The AA says pothole repairs should focus on rural and residential roads as local councils face road repairs financial blackhole
A 'widescale resurfacing of crumbling streets' is needed, says the AA, which insists road repair funds must now begin focussing on both residential and rural roads.
Money that would have fixed almost 10 million potholes has reportedly been lost from local council budgets this year - a reduction of £400 million.
According to the Local Government Association there is a £10 billion backlog of road repairs alongside a growing problem of increased construction costs generated by the global supply problems now affecting numerous industries.
Both the LGA and motoring organisation the AA are calling for more money - with the latter insisting that for the safety of road users, and in particular cyclists, money must be diverted to fix more than just main routes.
The LGA - the national membership body for local councils - is urging the government to plug the £400 million gap - while also committing to an additional £500 million per year for road repairs.
It says fixing roads remains a top priority for councils - with a pothole repaired every 19 seconds - but that future allocations of money from central government must take into account 'significant' inflation rates in highways construction and maintenance costs.
Cllr David Renard, LGA transport spokesperson, said: “Councils are working hard to keep our roads safe and resilient, repairing potholes as quickly as they can.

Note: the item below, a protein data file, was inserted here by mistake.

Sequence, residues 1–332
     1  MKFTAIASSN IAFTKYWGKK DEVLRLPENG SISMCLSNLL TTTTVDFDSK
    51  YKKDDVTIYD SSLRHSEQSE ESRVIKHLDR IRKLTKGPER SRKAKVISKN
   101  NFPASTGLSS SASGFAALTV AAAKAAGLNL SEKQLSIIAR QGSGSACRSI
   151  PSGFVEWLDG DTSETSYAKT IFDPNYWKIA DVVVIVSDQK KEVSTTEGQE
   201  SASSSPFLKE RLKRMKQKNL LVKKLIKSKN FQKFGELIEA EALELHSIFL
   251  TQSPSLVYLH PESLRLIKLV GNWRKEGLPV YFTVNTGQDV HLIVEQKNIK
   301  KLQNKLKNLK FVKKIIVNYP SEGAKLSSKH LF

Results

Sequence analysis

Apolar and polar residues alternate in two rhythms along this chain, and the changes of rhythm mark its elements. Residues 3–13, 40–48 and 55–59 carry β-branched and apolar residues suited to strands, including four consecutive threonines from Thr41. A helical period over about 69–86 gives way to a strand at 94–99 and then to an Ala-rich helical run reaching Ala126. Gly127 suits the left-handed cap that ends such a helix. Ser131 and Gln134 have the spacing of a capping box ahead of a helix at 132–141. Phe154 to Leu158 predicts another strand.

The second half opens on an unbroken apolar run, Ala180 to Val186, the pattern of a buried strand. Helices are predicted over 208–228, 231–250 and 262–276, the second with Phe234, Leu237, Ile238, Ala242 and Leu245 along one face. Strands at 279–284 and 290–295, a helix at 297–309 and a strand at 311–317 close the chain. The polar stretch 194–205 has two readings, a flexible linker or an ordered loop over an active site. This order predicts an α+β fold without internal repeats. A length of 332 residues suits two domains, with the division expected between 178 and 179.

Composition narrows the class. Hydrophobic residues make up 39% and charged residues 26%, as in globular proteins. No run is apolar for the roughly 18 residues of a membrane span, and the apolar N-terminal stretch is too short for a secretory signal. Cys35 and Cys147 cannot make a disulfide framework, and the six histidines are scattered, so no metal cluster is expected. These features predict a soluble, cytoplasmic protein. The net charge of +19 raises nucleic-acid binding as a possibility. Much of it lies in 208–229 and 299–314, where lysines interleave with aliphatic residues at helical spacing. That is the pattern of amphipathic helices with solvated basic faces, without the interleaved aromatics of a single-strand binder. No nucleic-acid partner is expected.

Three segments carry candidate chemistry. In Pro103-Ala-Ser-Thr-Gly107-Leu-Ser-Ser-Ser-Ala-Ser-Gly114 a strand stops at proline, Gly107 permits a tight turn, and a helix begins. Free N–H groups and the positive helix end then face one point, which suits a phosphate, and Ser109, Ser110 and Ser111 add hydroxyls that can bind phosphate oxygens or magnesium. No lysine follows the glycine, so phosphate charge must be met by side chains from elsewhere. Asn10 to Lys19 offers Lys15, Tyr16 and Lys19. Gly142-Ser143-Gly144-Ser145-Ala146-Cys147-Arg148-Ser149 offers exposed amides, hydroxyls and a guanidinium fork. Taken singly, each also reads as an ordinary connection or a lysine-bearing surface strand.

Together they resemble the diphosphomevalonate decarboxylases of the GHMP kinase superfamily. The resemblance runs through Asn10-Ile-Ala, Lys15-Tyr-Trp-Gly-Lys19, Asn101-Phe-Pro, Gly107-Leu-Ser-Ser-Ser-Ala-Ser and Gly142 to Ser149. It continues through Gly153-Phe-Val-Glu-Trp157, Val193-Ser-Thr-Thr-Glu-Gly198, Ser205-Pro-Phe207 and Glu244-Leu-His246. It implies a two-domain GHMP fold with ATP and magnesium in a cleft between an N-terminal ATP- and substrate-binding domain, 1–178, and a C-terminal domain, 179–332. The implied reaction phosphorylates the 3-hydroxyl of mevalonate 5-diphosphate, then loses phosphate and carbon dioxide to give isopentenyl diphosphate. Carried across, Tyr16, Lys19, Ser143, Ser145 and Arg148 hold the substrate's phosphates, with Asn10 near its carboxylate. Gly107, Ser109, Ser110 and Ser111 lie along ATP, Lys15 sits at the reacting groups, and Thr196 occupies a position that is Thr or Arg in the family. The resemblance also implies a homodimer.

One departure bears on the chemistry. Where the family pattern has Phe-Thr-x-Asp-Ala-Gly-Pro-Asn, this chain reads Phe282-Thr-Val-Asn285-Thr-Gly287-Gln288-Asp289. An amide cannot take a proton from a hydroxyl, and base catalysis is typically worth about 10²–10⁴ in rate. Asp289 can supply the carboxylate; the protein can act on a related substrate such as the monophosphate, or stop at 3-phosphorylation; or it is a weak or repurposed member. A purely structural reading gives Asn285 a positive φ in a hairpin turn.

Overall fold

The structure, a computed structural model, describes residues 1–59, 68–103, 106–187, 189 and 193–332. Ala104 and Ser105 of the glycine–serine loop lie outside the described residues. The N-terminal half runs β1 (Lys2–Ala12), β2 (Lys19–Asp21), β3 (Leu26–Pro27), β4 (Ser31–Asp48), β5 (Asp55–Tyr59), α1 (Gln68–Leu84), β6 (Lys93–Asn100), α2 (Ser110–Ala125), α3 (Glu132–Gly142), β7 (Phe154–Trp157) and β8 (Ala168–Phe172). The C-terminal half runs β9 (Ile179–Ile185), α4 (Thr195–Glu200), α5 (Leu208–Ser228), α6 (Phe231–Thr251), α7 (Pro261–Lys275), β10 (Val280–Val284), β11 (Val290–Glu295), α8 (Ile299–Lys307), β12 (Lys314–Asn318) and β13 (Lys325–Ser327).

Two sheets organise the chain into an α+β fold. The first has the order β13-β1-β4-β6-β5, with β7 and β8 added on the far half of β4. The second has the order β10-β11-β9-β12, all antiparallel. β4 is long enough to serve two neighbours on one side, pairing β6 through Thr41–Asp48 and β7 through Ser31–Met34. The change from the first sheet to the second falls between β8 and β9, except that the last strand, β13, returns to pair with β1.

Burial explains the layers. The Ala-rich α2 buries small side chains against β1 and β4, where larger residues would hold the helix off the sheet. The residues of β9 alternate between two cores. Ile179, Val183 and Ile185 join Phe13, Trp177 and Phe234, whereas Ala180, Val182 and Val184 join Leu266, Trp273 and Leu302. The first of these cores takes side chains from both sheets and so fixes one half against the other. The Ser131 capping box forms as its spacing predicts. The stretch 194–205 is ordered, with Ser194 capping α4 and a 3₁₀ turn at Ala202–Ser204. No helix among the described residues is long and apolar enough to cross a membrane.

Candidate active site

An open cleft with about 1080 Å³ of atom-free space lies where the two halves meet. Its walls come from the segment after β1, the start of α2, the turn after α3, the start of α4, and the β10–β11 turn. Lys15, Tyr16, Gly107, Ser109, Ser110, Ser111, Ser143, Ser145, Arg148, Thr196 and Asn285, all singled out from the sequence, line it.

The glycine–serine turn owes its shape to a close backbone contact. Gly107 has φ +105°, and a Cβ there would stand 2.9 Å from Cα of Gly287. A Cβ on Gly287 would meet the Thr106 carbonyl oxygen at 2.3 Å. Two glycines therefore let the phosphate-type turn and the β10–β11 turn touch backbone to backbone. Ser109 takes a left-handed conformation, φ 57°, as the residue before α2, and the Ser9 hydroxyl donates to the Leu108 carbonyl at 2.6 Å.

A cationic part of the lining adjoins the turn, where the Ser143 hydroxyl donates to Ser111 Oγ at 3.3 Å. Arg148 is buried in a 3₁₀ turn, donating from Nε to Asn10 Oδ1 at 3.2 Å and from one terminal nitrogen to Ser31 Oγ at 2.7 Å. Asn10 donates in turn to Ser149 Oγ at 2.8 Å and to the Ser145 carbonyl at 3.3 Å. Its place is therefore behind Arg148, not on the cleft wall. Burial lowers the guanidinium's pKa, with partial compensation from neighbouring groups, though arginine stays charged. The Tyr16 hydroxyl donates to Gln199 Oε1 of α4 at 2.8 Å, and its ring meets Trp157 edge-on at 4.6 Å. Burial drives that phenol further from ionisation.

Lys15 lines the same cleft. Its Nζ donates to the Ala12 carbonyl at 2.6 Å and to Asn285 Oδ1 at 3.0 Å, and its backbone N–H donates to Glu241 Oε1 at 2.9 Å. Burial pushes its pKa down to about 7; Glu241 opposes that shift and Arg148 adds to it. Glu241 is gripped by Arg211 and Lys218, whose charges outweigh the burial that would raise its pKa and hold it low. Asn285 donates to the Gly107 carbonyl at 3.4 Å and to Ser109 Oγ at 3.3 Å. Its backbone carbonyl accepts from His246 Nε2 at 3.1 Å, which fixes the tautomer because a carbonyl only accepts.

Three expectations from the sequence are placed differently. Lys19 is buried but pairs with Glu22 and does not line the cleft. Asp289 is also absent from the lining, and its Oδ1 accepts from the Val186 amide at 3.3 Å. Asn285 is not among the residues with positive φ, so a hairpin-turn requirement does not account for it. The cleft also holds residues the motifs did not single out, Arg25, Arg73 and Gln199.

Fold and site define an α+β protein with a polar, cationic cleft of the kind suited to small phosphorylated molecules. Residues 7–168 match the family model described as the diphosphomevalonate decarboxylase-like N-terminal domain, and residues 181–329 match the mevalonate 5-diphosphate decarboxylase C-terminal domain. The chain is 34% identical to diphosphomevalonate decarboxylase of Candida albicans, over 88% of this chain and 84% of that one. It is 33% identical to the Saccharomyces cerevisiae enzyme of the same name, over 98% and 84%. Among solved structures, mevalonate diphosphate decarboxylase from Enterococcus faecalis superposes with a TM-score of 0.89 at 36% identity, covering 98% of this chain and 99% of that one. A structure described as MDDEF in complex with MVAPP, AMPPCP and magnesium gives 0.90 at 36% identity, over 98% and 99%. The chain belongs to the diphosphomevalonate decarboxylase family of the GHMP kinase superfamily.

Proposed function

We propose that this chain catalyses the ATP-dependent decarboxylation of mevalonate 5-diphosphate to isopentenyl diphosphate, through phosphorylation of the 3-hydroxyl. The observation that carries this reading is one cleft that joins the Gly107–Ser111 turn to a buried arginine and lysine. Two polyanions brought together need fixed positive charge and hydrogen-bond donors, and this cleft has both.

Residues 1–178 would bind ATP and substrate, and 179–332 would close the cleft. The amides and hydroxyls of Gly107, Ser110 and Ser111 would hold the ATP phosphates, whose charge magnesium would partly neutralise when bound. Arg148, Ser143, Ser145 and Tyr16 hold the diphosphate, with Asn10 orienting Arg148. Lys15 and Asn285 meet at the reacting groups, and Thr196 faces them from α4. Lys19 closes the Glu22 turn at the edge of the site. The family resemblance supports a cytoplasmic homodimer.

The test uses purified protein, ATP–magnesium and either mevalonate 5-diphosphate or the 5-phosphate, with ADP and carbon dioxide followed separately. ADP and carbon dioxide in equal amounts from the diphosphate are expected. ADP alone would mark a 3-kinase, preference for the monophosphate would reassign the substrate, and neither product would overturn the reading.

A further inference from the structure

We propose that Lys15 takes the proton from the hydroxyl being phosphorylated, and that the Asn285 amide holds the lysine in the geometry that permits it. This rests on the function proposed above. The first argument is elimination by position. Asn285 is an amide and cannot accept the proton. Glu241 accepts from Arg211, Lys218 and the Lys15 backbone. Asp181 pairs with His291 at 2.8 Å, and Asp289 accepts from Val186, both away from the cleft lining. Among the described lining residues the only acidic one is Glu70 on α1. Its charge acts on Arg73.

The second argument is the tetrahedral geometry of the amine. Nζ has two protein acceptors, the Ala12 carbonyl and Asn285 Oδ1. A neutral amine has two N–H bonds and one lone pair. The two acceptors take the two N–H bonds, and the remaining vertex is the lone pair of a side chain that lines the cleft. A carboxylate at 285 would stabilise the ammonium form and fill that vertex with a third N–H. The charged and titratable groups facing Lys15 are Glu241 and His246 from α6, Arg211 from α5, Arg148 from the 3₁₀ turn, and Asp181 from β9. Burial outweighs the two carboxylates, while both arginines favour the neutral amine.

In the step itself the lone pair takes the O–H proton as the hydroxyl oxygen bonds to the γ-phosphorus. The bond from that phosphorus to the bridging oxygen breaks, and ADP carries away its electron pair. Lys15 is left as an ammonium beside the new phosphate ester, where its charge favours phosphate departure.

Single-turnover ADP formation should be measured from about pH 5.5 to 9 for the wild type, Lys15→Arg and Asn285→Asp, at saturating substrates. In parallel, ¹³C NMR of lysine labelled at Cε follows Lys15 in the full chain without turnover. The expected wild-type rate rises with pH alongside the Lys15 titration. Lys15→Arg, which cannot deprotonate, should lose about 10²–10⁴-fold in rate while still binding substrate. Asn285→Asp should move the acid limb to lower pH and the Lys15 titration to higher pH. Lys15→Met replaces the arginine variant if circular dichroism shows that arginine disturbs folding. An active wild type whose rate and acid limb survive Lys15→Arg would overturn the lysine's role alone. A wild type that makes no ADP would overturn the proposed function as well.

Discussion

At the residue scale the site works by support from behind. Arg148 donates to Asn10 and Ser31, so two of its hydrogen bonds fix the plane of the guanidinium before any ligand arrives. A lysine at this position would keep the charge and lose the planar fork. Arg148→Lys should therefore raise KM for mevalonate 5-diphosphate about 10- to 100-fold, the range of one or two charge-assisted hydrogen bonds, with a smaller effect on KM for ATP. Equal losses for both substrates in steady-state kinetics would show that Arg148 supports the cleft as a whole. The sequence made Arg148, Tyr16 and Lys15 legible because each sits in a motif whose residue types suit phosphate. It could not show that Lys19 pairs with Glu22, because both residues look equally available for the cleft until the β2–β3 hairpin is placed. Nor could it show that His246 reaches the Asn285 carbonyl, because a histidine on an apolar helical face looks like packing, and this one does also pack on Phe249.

"However, it would already take £10 billion and more than a decade to clear the current local roads repair backlog, with the COVID-19 pandemic and subsequent cancellation of key planned works risking extending this backlog further."
Jack Cousens, head of policy for the AA, is concerned there has been more focus on main roads in recent years and attention needs to shift towards damage on rural and residential streets, which he says, among other problems, puts those travelling on two wheels in 'great personal danger'.
The motoring organisation says the last 18 months of lockdowns and more cars parked in residential streets as a result, has had a major impact on resurfacing works in smaller streets and the problem must now be addressed.
He explained: “Emergency road-repair funds of recent years have been targeted at main roads rather than residential and rural ones. These are the ones that vulnerable road users, such as cyclists, use the most.
"Pandemic lockdowns and cars parked outside homes got in the way of resurfacing schedules, but now it’s time to catch up.
“As the Government urges local authorities to ‘Build Back Better’, this should be the launchpad for a widescale resurfacing of crumbling streets."